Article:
Christopher Nuttall is a rising star in the science fiction writing community. A highly successful self-
published author he was recently picked up by Elsewhen Press, who have already published one of his books. His fascination with the Royal Navy, with many of his starships’ named after RN vessels, has led to a strong following from that community. I found Chris engaging, insightful and more than happy to answer a few questions for our readers.
What was the first piece you had published, and where?
Oh, a hard question <grin>. The first book I published on Kindle was Patriotic Treason (a space opera I may revise one day), while the first professionally published book I had was The Royal Sorceress.
Why the RN theme (as an ex-matelot I love it, by the way), do you have any links to the navy yourself?
No, I don’t have any direct links - as far as I know, no one in my family served in the Royal Navy. (It's a point of pride that I keep getting people asking me when and where I served.)
Ark Royal was born when I noticed just how few UK-themed books there actually were out at the time. Most Military-SF was US-based. So, I had the idea of a British carrier, which would be based on the heavily-armoured carriers of WW2. They flew less aircraft than their American counterparts, but they were much tougher and survived strikes that would have badly damaged an American ship. Somewhere along the line, the idea of the old carrier took shape, along with her crew.
Do the ships, Ark Royal, Dreadnaught etc - have a special meaning for you?
Ark Royal was a deliberate homage to the famous WWII carrier - although, of course, there were other Ark’s in the RN over the years. Warspite and Vanguard followed the same lines, although Vanguard was the last of the Royal Navy’s true battleships.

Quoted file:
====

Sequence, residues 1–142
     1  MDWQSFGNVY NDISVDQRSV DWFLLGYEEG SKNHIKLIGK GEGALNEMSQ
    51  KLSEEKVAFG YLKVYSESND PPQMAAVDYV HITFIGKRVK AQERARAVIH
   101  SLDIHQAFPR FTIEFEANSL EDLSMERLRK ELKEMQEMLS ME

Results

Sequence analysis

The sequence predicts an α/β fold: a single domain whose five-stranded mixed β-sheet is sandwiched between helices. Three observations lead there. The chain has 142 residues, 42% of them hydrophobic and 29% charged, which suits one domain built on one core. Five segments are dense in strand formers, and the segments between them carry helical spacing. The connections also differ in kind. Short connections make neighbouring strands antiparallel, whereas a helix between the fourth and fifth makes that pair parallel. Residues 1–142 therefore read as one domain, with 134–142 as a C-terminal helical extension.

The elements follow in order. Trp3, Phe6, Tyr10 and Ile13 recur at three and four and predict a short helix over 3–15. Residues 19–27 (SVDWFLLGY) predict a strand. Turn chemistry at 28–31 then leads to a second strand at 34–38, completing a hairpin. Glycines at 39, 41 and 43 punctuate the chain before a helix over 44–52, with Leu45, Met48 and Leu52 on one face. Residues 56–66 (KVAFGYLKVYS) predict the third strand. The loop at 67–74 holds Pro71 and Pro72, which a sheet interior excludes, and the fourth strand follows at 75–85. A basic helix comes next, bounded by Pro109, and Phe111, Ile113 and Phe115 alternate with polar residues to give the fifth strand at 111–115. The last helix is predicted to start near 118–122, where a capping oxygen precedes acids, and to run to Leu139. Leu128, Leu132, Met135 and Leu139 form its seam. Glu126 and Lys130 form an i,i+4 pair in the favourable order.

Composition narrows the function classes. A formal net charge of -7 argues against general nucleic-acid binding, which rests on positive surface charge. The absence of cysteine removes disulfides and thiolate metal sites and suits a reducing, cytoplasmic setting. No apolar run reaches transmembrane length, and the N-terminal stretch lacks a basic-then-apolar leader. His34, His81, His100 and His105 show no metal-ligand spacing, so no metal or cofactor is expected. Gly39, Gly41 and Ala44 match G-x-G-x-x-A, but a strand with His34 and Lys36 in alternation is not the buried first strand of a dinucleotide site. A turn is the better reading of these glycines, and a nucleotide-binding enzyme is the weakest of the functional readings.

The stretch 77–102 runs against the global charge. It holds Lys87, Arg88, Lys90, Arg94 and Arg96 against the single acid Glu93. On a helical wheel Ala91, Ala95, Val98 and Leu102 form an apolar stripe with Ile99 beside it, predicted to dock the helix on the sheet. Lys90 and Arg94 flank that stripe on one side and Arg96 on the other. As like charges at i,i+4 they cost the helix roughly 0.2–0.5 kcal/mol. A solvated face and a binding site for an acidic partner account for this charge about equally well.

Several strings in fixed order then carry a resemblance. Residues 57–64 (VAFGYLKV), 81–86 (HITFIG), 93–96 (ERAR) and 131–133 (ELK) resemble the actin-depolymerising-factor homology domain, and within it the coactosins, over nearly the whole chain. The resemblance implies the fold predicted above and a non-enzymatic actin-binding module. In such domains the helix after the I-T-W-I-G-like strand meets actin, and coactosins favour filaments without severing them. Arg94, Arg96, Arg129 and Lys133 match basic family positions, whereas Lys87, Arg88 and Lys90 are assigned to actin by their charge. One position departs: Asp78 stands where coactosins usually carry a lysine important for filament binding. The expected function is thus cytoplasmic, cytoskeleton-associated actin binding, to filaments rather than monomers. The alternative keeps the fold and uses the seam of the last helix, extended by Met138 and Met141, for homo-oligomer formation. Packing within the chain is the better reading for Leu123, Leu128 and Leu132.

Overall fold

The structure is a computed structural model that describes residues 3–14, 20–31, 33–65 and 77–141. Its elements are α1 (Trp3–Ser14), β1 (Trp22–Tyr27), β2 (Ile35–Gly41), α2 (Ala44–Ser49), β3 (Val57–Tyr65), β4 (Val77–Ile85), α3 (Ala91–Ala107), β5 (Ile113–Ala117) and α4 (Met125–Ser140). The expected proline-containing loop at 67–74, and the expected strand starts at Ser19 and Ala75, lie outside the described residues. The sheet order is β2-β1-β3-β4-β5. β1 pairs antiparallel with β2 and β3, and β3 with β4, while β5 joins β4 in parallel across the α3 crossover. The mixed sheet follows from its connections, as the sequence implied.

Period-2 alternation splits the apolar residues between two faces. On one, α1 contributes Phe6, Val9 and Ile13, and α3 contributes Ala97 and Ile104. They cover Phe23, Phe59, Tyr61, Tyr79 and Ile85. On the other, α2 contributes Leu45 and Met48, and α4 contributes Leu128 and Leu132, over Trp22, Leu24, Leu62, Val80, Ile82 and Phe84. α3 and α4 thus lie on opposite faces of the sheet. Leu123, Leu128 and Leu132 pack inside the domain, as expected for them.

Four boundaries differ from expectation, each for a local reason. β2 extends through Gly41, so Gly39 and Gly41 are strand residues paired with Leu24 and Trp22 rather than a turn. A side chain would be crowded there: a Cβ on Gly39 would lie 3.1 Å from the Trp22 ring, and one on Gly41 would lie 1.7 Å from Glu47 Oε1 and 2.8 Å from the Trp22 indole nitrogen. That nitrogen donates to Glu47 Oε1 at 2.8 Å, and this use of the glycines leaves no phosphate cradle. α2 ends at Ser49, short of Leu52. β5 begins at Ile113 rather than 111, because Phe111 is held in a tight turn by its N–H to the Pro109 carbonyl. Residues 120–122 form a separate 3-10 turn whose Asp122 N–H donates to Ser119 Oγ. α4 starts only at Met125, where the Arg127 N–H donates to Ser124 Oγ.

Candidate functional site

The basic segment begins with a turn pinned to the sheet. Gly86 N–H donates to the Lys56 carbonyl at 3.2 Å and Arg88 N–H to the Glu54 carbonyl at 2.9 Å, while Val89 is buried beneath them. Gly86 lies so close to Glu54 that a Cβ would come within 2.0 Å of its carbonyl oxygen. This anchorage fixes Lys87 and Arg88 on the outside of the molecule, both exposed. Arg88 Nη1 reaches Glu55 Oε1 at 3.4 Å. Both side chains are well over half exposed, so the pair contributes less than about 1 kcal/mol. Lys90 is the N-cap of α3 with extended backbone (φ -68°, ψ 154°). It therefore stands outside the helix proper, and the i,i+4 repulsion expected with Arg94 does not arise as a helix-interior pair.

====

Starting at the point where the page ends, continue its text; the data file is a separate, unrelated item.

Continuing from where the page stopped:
On a more general term, I think - having studied history myself rather than had too much PC crap forced down my throat in school - that we in the UK should remember the navy, the defender of our freedom. These are not the days, alas, when there was a vast public demand for ships - “we want eight and we won’t wait” - let alone demand for RAF aircraft and army troops. The world is red in tooth and claw - and we really need to remember that.
I loved the play of words in the title of your book ‘Fear God and Dread Naught’. Did you fear that only military people might catch this?
I just thought it fitted with the super-dreadnaught theme <grin>.
Generally, I tried to keep the titles of the series linked to the RN, so I felt that fitted in with the rest.
Can you foresee humanity having a line of military ships in the future, or even nationalities, as per your writing?
To be honest, a lot depends on both technology and political situations. Given the tech to build Ark Royal and her successors, I think we will. All of the treaties to limit the military use of space - already weakening - will vanish as we expand beyond the atmosphere and start putting something in space we need to protect. If Britain survives as an independent nation at that point, why not a space-going HMS Ark Royal?
You’ve enjoyed great success as a self-published author, what would you say to other writers doing this?
Work hard <grin>.
I get asked, frequently, what the secret is. And the blunt truth - which any successful writer will tell you - is that you have to work hard. You’ll need to write around a million words before you have something people will want to read. Get beta readers, get an editor ... learn your mistakes and grow a thick skin. You’re going to need it.
Quite a few indie careers have self-destructed because the indies couldn't take criticism. I know, it hurts to have someone point to our work and say “this is crap, etc, etc.” But we just have to take it and move on. Sometimes the critics are actually trying to be helpful. And when they’re not, just ignore them.
Do you have set hours to write each day, a special place to do so?
I have an office. I generally try to write for five or so hours each day.
Where do you get your inspiration?
History and current affairs, mainly. I’m an avid reader of history and it gives me most of my inspiration. Looking at the Ark Royal books, A Small Colonial War obviously drew its inspiration from the Falklands. Others - First Strike, Barbarians at the Gates - came from the Russo-Japanese War and the prolonged period of civil wars that eventually crippled the Roman Empire.